On Fri, May 12, 2000 at 10:55:07AM +0100, Malcolm Beattie wrote:
> OK, here's the low-down. I run ermine.ox.ac.uk and it, along with
> a number of the 20000 to 30000 other hosts in .ox.ac.uk use
> oxmail.ox.ac.uk, our mail hubs, as a smart host. If ORBS finds any one
> host in Oxford is an open relay then ORBS blacklists not only that
> host (rightly) but *also* its smarthost: oxmail.ox.ac.uk. Immediately,
> none of the 30000 users in Oxford can email anyone who uses ORBS.
Yes. Quite painfull. We have more than that at our commercial
customer sites, and they understood very easily when we told
them that either they must run secure servers, or allow incoming
SMTP only from our SMTP relay cluster.
Now all new customers are installed with router ACLs implementing
this rule, and they seem to be quite happy with it. We get very
rarely anymore any sort of ORBS detection against our relays.
For customers, and our helpdesks I wrote a small description about
this problem, and possible solutions to it:
> The mail admin tells me the good news today that TPTB have
> now finally agreed to firewall off all SMTP to Oxford apart from the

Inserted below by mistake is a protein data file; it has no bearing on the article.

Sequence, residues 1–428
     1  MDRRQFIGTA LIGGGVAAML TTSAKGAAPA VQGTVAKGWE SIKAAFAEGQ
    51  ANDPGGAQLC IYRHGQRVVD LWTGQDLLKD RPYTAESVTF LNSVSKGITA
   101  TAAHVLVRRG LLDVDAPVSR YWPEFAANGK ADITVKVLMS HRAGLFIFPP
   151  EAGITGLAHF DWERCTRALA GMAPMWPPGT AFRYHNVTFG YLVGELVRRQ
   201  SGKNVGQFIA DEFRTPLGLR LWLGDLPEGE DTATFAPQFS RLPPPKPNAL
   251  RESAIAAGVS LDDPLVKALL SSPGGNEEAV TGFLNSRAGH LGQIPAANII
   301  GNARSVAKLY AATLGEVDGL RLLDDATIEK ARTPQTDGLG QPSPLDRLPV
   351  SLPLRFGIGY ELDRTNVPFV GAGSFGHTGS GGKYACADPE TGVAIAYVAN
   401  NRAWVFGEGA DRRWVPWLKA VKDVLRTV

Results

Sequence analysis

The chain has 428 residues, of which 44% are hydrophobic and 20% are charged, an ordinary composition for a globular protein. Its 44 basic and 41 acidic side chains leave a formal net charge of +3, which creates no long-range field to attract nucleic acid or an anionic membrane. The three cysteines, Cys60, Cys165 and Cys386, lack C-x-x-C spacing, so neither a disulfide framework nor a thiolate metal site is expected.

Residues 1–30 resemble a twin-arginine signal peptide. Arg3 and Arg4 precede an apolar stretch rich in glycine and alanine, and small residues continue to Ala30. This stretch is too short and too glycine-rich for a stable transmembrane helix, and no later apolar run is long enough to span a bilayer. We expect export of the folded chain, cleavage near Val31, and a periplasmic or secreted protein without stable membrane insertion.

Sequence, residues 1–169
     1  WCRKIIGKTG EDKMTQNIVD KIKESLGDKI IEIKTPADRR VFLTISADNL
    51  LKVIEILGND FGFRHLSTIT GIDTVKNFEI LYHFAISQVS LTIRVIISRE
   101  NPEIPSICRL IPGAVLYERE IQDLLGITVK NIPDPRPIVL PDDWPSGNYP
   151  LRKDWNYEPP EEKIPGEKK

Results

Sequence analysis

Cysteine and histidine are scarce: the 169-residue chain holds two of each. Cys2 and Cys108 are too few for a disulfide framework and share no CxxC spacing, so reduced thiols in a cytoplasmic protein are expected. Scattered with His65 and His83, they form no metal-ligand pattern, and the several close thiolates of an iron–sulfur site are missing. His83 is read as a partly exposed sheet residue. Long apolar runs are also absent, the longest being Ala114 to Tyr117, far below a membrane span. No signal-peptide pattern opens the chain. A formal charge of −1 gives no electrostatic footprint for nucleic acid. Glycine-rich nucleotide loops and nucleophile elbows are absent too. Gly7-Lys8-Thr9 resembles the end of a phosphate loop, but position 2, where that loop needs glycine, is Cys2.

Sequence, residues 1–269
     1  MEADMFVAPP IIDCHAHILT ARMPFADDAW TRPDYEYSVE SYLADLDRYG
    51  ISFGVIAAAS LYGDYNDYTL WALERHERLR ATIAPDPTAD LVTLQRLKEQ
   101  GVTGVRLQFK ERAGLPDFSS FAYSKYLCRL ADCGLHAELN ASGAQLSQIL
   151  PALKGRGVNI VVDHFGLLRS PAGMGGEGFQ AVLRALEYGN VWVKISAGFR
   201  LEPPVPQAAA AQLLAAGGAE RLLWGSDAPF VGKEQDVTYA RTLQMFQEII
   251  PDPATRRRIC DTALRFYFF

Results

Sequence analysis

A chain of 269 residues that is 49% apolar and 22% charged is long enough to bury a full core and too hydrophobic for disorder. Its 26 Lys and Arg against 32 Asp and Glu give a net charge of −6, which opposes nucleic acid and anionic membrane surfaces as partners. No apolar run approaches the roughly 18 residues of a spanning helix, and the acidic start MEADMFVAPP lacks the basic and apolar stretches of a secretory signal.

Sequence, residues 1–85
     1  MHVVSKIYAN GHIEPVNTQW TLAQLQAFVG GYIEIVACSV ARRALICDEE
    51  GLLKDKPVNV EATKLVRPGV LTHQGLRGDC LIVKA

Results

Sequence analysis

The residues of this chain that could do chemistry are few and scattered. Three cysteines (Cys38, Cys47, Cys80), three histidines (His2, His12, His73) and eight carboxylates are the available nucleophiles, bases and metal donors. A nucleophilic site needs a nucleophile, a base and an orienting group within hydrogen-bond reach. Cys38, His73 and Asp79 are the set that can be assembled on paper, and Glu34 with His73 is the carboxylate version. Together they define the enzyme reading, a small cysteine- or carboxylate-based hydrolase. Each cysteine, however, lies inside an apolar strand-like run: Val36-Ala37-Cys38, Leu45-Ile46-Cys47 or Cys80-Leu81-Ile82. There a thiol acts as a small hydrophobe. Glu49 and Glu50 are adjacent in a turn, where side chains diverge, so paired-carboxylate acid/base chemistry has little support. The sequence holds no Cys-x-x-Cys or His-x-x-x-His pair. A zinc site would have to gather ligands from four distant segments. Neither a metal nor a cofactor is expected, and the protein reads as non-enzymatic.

> Oxmails and separately vetted named hosts. Given the number of hosts
> involved with hundreds of mostly autonomous departments and colleges,
> she's going to be spending even more time keeping all those
> registrations up to date and coping with the moans of plenty of other
> people who see firewalling off SMTP and not allowing them to run SMTP
> servers as fascist. Good luck to her.
In my former academic life we told departments (and students)
that they are welcome to relay thru our server, but only if
their machines are relay-proof. They can, after all, send
also directly to the world (and thus ORBS/RBL punishment
hits only their machine).
Students and staff didn't appear unhappy about the rule,
although the rate of abuse was quite low back then...
Possibly one of the reasons that our students were happy was
that we had centralized DNS maintance so that everybody who
got their PC/MAC network card MAC address registered to the
campus LAN, got IP address, and then got also DNS registration
with complete set of backup MX entries.
It is/was also a site which had *all* named DNS objects
equipped with MX data and WKS data! The latter is rarely
used anywhere. We ran the main hub so that if the system
didn't have SMTP in its WKS data, mail delivery attempt
was aborted, and message got bounced. Helped a lot to
avoid queueing things to routers, printers, and stupid
> Malcolm Beattie <email@example.com>
> Unix Systems Programmer
> Oxford University Computing Services
/Matti Aarnio <firstname.lastname@example.org>
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